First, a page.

International Travel and Child Custody Issues
Travel is an important part of many people’s lives, and exposing one’s children to different places and cultures is something parents often strive to provide. However, where and how long a parent might take a child when custody is shared is often an issue of contention. The longer the child is gone, the harder it is to maintain a connection, and concerns about a parent permanently keeping the child may also occur. The law is focused on ensuring that both parents have an opportunity to maintain a relationship with the child, which is reflected in the mandatory creation of a parenting time schedule to govern how often a child is with each parent. International travel can be particularly problematic in this regard, regardless of whether the parent asks for permission. Rare is the parenting agreement or court order that does not require permission or court approval to take the child out of the State or country, but ensuring this protocol is followed, as well as what the rights are of the parent left behind, is important to navigating this complicated issue. Sharing one’s culture and family are understandable desires, but they cannot override the other parent’s access to the child.
Properly Securing Permission to Travel Abroad
As noted above, the first thing a parent planning to travel outside the country should do is look at the terms of the parenting plan to see if international travel is permitted at all, and what the requirements are to obtain valid permission. Often this means giving the other parent a certain amount of notice, detailed itineraries, and planned points of contact with the child during the trip. In addition, to secure a U.S. passport for a child, both parents must consent to the process. If a parent refuses, the parent wishing to travel with the child can file a petition with the family court seeking to force the consent of the other parent. However, even when consent is freely given, the traveling parent should have a signed document noting consent, in case allegations of kidnapping are made, as well as copy of the child’s birth certificate if the parent’s last name is different. These precautions will allow the parent to more easily prove he/she is within his/her rights to travel with the child.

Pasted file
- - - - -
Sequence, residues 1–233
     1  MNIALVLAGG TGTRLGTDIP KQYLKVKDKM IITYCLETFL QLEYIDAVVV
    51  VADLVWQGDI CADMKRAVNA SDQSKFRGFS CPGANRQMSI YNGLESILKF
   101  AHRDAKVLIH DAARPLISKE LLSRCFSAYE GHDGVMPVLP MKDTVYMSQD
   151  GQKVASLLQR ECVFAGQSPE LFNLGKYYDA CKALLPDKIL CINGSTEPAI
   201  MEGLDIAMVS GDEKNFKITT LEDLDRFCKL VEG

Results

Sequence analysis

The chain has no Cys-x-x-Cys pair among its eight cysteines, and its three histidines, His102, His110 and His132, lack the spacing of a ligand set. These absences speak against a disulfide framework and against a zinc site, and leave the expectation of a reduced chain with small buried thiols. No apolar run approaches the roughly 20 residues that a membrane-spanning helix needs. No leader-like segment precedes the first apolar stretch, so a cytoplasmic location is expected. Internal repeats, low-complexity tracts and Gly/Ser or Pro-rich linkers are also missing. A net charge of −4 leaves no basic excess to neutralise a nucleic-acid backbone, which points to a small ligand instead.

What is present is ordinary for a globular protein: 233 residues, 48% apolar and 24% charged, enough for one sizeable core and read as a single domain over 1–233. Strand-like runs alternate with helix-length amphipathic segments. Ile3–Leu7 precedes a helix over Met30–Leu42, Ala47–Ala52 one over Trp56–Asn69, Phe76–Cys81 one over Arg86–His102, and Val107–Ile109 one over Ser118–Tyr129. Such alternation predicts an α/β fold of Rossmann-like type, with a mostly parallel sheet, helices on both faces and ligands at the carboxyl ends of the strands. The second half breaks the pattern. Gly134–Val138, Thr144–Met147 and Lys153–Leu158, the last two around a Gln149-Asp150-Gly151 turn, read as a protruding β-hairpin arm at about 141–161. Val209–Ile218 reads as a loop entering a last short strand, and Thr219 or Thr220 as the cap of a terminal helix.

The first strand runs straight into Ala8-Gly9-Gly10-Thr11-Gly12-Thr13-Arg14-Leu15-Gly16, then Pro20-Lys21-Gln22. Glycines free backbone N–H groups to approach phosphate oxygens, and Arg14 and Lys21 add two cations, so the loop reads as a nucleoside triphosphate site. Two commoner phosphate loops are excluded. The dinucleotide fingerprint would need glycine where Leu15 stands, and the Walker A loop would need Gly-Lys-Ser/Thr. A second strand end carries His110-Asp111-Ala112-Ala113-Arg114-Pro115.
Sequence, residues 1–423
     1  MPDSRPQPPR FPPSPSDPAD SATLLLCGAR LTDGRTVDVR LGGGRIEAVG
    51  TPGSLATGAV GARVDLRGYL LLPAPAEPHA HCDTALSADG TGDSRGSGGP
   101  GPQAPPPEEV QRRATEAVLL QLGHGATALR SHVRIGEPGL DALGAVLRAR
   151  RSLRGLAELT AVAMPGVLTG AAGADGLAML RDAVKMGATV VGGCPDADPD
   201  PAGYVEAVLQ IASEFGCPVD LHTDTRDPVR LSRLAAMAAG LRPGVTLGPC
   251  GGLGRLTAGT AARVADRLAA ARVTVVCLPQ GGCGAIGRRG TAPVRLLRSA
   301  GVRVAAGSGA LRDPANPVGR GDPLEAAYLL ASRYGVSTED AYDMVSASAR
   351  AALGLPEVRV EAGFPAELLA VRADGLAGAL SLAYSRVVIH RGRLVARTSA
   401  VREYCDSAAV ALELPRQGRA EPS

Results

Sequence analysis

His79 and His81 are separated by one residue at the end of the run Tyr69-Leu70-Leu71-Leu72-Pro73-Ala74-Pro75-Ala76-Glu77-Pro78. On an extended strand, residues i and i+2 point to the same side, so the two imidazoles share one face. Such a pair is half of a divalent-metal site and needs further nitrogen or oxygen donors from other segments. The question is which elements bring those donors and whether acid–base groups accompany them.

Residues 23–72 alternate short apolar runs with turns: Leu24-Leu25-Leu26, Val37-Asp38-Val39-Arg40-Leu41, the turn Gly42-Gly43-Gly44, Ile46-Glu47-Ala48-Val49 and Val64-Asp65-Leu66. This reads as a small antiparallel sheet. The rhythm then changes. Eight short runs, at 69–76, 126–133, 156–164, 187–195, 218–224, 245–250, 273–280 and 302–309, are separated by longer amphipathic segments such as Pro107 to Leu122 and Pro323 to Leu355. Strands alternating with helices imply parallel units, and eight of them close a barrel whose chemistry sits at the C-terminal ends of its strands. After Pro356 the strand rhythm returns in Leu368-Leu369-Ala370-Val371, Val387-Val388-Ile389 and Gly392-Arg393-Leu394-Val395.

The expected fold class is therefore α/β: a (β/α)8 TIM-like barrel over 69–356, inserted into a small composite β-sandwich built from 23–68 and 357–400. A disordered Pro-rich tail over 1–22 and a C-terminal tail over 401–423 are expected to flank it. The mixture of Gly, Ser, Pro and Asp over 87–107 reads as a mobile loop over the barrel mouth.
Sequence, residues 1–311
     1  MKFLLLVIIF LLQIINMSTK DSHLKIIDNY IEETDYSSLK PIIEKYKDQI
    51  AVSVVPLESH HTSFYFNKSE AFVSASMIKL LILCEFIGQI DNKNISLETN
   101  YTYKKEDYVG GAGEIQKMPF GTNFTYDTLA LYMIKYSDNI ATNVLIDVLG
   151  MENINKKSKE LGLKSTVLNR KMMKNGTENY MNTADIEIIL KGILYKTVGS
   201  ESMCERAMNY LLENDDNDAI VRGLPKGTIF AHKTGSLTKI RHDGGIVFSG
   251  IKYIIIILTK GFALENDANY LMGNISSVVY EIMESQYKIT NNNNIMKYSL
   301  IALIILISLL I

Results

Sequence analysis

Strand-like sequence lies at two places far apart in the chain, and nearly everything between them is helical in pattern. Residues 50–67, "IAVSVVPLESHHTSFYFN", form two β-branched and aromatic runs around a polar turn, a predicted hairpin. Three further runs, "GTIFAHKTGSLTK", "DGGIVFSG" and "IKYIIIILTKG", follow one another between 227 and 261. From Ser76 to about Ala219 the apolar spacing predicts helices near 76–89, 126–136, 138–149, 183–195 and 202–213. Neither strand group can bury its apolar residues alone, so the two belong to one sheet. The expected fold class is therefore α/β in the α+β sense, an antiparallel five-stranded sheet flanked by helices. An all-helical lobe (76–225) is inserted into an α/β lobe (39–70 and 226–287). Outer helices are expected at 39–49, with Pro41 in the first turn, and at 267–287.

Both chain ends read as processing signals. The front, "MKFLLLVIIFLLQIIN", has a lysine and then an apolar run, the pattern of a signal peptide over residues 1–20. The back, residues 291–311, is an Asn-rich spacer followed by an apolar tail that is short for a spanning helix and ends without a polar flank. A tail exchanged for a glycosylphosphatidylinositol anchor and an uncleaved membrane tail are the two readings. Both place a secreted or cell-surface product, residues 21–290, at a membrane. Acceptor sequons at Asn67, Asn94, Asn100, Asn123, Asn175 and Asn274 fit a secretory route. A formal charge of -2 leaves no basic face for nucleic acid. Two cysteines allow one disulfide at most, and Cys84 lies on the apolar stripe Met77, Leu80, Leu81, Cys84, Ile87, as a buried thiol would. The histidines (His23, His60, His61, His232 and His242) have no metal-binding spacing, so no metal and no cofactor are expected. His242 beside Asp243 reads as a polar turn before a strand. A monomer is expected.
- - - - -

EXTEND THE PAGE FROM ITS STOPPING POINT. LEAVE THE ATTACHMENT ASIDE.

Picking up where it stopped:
Options When Unauthorized Travel Occurs
Assuming the worst-case scenario occurs, and the parent takes the child without permission or decides to keep the child in the foreign country indefinitely, the parent left behind will need to take quick action to get the child returned. If the child was taken to a country subject to the terms of the Hague Convention, it will be much easier to get foreign authorities to act on the case. The Hague Convention requires signatory countries to follow a process to facilitate the return of children wrongfully removed from their home country. Unless one of the following exceptions applies, a parent in violation of this law would be forced to return to the child:
- Consent of the other parent;
- Acquiescence by the other parent;
- The child’s objection, if old enough for a court to consider;
- A year or more has passed, and the child is settled in the new country;
- Returning the child could jeopardize his/her human rights; or
- Returning the child would put him/her at risk for harm.
If the child is located in a non-Hague country, the situation is much more complicated and will be controlled by local laws and customs.
Get Legal Advice
There will always be a delicate balance between one parent’s right to travel with a child, and the other parent’s right to regularly see the child. If you have concerns about the other parent’s planned vacation, contact the Port St. Lucie child custody attorneys at Baginski Brandt & Brandt to learn how the law would protect your rights in this situation. Take immediate action and do not allow potential complications to snowball. Contact the Port St. Lucie family law firm today for a consultation.